Sjögren’s syndrome is a systemic autoimmune disorder characterized by lymphocytic infiltration of the salivary and lacrimal glands and other organs along with systemic production of autoantibodies. The involvement of salivary and lacrimal glands leads to progressive decreases in the quantity and quality of saliva and tears and impaired quality of life. Local treatment of the dry eyes and mouth can prevent complications, but does not appear to alter the course of the disease. Early diagnosis and implementation are critical in improving patients’ quality of life and treating complications.
Patients often first present to ophthalmologist with complaints of dry eye, and as a result ophthalmologists are in a unique position to screen patients for possible Sjögren’s syndrome. However, currently there are no evidence-based screening tools for ophthalmologists to use to identify patients with a high likelihood of having Sjögren’s syndrome. The central hypothesis of this research is that using a screening algorithm comprised of a combination of questionnaire responses, autoantibody tests and standard dry eye exam findings will stratify dry eye patients into those having high, medium or low likelihood of having Sjögren’s syndrome.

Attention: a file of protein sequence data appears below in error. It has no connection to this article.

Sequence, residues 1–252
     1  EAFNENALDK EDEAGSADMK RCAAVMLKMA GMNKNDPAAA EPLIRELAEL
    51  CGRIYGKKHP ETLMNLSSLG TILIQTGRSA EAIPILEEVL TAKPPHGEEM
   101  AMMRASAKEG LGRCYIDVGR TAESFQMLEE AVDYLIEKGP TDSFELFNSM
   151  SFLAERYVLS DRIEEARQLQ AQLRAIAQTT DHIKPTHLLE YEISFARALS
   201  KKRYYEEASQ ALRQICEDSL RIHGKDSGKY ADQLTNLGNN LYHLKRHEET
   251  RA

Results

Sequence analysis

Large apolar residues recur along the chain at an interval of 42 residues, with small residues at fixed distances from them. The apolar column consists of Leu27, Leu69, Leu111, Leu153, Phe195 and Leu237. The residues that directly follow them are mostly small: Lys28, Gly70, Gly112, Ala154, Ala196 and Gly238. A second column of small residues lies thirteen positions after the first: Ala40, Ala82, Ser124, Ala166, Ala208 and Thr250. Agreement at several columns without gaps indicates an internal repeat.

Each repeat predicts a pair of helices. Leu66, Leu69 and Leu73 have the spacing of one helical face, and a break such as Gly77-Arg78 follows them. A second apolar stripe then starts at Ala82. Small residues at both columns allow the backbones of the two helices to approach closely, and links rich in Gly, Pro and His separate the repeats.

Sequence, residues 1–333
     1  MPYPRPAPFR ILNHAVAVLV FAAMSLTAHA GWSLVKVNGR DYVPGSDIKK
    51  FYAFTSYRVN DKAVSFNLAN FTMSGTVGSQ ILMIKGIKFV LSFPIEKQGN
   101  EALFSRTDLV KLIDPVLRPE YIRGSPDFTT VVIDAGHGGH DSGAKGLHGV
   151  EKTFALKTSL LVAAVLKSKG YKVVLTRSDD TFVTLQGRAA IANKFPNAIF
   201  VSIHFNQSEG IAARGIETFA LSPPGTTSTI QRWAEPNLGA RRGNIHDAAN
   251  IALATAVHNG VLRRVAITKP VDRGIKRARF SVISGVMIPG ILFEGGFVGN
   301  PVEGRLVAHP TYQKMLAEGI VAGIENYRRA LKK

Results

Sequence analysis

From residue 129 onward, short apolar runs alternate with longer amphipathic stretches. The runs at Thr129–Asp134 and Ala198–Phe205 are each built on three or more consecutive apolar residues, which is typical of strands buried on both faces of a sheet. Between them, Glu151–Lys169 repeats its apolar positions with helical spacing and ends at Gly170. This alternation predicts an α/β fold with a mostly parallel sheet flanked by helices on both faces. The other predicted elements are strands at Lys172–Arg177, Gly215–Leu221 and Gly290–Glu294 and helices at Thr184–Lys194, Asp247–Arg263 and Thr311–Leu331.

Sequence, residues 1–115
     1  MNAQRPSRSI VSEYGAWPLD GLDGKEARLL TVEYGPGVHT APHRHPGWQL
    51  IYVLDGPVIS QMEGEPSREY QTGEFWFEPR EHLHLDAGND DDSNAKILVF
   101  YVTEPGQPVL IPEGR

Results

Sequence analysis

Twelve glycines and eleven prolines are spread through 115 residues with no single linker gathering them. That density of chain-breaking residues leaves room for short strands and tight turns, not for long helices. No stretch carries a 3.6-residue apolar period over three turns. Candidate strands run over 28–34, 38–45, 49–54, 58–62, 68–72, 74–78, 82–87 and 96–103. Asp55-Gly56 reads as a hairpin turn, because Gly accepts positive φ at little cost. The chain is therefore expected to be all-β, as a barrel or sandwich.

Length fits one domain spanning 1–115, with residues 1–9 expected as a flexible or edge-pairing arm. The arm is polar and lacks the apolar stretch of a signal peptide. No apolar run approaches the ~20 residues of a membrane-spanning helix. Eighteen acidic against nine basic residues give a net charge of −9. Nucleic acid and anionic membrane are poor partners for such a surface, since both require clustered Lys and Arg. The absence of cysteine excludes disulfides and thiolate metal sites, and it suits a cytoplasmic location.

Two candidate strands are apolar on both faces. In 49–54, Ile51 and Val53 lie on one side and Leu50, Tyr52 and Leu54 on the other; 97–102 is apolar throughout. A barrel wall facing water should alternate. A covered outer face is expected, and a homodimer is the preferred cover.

For more information about trials currently recruiting at our center, please contact Susan Robinson, Research Program Coordinator:
- Email: email@example.com
- Phone: 410-550-6492
Receive the Latest News from Johns Hopkins Rheumatology
Join our mailing list to receive the latest news and updates from Johns Hopkins Rheumatology.